Continue to assume s = 0.3, = 0.1, and y = k 1/2

Use the equation of motion k = s f(k) kto solve for the steady-state values of k, y, and c.

k

s2 f(k)

s1 f(k)

k

An increase in the saving rateAn increase in the saving rate raises investment…

…causing k to grow toward a new steady state:

Prediction:

- Higher s higher k*.
- And since y = f(k) , higher k* higher y* .
- Thus, the Solow model predicts that countries with higher rates of saving and investment will have higher levels of capital and income per worker in the long run.

International evidence on investment rates and income per person

Income per person in 2003 (log scale)

Investment as percentage of output (average 1960-2003)

The Golden Rule: Introduction

- Different values of s lead to different steady states. How do we know which is the “best” steady state?
- The “best” steady state has the highest possible consumption per person: c* = (1–s) f(k*).
- An increase in s
- leads to higher k* and y*, which raises c*
- reduces consumption’s share of income (1–s), which lowers c*.
- So, how do we find the s and k* that maximize c*?

The Golden Rule capital stock

the Golden Rule level of capital, the steady state value of kthat maximizes consumption.

To find it, first express c* in terms of k*:

c* = y*i*

= f(k*)i*

= f(k*)k*

In the steady state: i*=k* because k = 0.

steady state output and depreciation

k*

f(k*)

steady-state capital per worker, k*

The Golden Rule capital stockThen, graph f(k*) and k*, look for the point where the gap between them is biggest.

f(k*)

The Golden Rule capital stockc*= f(k*) k*is biggest where the slope of the production function equals the slope of the depreciation line:

MPK =

steady-state capital per worker, k*

The transition to the Golden Rule steady state

- The economy does NOT have a tendency to move toward the Golden Rule steady state.
- Achieving the Golden Rule requires that policymakers adjust s.
- This adjustment leads to a new steady state with higher consumption.
- But what happens to consumption during the transition to the Golden Rule?

Starting with too much capital

then increasing c* requires a fall in s.

In the transition to the Golden Rule, consumption is higher at all points in time.

y

c

i

t0

Starting with too little capital

then increasing c* requires an increase in s.

Future generations enjoy higher consumption, but the current one experiences an initial drop in consumption.

y

c

i

t0

time

Population growth

- Assume the population and labor force grow at rate n (exogenous):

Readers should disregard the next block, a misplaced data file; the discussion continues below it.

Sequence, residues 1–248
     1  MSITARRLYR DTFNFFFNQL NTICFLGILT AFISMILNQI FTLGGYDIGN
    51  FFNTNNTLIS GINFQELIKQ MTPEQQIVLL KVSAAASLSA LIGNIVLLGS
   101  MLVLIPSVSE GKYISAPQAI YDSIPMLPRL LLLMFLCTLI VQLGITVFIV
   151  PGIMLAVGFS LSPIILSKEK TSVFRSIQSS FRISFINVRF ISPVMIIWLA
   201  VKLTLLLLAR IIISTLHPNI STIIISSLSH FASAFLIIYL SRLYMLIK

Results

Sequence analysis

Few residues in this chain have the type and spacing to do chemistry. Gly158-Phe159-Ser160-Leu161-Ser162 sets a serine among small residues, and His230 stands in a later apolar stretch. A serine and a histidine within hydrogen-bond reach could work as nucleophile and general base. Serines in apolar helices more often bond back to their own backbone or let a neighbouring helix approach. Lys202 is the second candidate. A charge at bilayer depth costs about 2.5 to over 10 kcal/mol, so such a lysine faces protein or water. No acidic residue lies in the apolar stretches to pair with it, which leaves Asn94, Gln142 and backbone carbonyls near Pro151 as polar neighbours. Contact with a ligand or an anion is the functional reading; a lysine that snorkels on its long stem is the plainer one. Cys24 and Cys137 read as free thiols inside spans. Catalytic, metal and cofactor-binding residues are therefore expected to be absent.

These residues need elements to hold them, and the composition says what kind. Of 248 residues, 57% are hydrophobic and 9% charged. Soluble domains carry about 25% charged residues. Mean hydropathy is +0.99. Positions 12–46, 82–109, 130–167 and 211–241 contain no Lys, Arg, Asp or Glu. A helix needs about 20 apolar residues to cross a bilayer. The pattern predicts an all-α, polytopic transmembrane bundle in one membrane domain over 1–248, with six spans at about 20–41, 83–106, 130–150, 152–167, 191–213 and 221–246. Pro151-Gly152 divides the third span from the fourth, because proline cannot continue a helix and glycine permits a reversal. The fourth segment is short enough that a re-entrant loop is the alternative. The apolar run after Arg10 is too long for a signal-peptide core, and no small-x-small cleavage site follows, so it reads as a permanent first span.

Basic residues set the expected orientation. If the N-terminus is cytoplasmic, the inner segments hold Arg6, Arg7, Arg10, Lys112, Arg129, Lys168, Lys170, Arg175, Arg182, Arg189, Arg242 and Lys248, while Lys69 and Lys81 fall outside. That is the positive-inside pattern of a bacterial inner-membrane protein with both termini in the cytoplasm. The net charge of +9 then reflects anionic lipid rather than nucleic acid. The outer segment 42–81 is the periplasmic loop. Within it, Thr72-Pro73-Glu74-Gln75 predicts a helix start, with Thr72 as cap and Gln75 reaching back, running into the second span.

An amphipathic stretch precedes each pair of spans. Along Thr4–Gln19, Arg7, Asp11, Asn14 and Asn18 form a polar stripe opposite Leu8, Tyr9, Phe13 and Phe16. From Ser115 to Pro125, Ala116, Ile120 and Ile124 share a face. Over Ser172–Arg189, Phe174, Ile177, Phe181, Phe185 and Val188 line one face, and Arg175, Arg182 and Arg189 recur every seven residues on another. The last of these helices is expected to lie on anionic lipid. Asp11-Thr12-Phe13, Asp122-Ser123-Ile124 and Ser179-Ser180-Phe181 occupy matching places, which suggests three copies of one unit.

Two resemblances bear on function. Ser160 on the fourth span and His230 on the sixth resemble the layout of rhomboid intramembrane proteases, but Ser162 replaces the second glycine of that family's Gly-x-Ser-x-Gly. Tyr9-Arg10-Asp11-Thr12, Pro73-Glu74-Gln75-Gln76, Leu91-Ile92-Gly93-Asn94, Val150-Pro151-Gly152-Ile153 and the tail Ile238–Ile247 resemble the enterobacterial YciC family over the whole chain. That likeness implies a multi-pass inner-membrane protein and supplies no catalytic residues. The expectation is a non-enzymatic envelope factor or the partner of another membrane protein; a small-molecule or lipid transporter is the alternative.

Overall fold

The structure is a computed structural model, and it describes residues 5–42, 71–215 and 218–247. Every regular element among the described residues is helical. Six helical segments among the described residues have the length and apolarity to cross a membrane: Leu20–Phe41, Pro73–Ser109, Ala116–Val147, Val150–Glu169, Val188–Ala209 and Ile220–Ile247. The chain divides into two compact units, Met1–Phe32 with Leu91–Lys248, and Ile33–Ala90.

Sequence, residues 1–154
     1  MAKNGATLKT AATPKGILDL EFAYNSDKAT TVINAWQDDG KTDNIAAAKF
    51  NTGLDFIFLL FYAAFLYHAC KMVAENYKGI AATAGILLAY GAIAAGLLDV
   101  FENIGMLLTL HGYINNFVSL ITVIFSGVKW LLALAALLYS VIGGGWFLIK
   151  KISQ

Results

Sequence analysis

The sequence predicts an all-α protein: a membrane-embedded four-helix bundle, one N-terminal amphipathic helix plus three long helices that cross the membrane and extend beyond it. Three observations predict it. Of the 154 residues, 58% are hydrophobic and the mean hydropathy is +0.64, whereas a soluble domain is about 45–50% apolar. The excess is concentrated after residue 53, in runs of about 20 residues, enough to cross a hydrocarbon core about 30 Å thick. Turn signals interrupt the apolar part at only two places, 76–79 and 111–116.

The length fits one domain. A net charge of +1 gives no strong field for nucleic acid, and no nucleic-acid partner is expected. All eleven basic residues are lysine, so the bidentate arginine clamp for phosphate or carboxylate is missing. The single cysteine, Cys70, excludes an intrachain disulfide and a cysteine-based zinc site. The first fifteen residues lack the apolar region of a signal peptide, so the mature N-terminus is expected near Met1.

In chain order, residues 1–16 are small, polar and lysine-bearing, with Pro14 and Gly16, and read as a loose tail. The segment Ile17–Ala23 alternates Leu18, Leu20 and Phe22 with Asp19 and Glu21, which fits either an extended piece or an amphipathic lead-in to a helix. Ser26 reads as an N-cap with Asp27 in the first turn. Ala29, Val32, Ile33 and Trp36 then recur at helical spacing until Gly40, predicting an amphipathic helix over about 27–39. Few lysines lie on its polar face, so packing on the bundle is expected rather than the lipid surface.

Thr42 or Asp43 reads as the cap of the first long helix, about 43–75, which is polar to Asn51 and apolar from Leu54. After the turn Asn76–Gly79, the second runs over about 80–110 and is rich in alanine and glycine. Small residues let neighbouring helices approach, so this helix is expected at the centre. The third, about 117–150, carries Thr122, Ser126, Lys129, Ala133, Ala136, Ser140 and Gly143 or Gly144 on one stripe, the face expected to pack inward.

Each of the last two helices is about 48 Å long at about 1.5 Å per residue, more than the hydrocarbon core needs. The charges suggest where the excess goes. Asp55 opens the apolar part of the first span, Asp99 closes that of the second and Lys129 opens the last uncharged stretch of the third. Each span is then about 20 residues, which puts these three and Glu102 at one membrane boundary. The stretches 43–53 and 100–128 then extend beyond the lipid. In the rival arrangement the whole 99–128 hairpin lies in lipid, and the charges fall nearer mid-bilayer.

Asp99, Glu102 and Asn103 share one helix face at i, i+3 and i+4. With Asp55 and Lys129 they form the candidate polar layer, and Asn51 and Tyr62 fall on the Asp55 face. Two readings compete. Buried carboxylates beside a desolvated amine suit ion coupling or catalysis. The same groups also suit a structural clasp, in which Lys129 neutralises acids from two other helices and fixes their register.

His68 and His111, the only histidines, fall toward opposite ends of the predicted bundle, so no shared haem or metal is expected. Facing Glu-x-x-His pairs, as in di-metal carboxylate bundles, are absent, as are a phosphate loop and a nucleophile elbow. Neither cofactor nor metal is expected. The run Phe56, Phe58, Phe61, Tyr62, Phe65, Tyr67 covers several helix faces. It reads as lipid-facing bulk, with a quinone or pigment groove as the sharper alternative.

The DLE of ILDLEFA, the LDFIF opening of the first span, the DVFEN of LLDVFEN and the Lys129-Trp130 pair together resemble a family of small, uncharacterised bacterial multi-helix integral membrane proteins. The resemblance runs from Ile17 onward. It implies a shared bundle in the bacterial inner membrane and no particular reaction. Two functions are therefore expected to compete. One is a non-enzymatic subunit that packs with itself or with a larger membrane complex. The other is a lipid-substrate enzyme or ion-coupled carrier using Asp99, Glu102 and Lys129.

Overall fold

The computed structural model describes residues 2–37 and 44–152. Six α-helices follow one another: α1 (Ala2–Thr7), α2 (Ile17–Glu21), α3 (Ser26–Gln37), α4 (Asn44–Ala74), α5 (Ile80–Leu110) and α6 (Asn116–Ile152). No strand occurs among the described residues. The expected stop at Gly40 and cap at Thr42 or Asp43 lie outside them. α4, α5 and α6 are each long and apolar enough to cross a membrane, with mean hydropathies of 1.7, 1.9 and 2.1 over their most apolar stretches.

- EX: Suppose L = 1,000 in year 1 and the population is growing at 2% per year (n = 0.02).
- Then L = nL = 0.021,000 = 20,so L = 1,020 in year 2.

Break-even investment

- ( +n)k = break-even investment, the amount of investment necessary to keep k constant.
- Break-even investment includes:
- k to replace capital as it wears out
- nk to equip new workers with capital

(Otherwise, k would fall as the existing capital stock is spread more thinly over a larger population of workers.)

break-even investment

The equation of motion for k- With population growth, the equation of motion for k is:

k = sf(k) (+n)k

Investment, break-even investment

(+n)k

sf(k)

k*

Capital per worker, k

The Solow model diagramk=s f(k) ( +n)k

sf(k)

k2*

The impact of population growthInvestment, break-even investment

(+n1)k

An increase in n causes an increase in break-even investment,

leading to a lower steady-state level of k.

k1*

Capital per worker, k

Prediction:

- Higher n lower k*.
- And since y = f(k) , lower k* lower y*.
- Thus, the Solow model predicts that countries with higher population growth rates will have lower levels of capital and income per worker in the long run.

International evidence on population growth and income per person

Income per person in 2003 (log scale)

Population growth (percent per year, average 1960-2003)

The Golden Rule with population growth

To find the Golden Rule capital stock, express c* in terms of k*:

c* = y*i*

= f(k* ) ( + n)k*

c* is maximized when MPK = + n

or equivalently, MPK = n

In the Golden Rule steady state, the marginal product of capital net of depreciation equals the population growth rate.

Alternative perspectives on population growth

The Malthusian Model (1798)

- Predicts population growth will outstrip the Earth’s ability to produce food, leading to the impoverishment of humanity.
- Since Malthus, world population has increased sixfold, yet living standards are higher than ever.
- Malthus neglected the effects of technological progress.

Alternative perspectives on population growth

The Kremerian Model (1993)

- Posits that population growth contributes to economic growth.
- More people = more geniuses, scientists & engineers, so faster technological progress.
- Evidence, from very long historical periods:
- As world pop. growth rate increased, so did rate of growth in living standards
- Historically, regions with larger populations have enjoyed faster growth.

Chapter Summary

1. The Solow growth model shows that, in the long run, a country’s standard of living depends:

positively on its saving rate

negatively on its population growth rate

2. An increase in the saving rate leads to:

higher output in the long run

faster growth temporarily

but not faster steady state growth

Chapter Summary

3. If the economy has more capital than the Golden Rule level, then reducing saving will increase consumption at all points in time, making all generations better off.

If the economy has less capital than the Golden Rule level, then increasing saving will increase consumption for future generations, but reduce consumption for the present generation.